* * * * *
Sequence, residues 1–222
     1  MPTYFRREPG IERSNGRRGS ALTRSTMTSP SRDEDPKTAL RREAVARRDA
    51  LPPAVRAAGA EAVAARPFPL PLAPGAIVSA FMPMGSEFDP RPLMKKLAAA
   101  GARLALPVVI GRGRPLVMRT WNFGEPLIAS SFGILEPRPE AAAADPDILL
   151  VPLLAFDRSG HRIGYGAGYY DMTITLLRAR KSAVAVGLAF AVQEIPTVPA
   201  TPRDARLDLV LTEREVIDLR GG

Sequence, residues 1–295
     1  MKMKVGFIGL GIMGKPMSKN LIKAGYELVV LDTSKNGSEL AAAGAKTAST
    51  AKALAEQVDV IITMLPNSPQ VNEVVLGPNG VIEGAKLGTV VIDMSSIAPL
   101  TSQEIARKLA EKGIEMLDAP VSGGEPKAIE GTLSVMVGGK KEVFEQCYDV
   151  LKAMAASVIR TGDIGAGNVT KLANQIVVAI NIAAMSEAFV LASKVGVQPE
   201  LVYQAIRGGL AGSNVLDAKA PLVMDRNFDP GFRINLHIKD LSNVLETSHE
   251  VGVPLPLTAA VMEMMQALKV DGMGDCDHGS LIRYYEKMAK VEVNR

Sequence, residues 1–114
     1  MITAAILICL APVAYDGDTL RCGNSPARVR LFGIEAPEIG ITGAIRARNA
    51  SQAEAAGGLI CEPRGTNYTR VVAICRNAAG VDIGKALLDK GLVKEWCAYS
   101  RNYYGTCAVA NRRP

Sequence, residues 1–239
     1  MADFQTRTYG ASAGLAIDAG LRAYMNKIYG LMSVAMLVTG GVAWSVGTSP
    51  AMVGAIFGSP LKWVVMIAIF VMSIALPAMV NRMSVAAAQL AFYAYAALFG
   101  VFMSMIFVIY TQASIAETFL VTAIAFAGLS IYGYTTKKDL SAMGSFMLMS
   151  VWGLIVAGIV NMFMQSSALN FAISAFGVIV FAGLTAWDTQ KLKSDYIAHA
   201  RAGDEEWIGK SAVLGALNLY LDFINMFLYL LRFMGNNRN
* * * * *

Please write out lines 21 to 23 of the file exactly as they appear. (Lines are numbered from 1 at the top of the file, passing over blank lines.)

   101  VFMSMIFVIY TQASIAETFL VTAIAFAGLS IYGYTTKKDL SAMGSFMLMS
   151  VWGLIVAGIV NMFMQSSALN FAISAFGVIV FAGLTAWDTQ KLKSDYIAHA
   201  RAGDEEWIGK SAVLGALNLY LDFINMFLYL LRFMGNNRN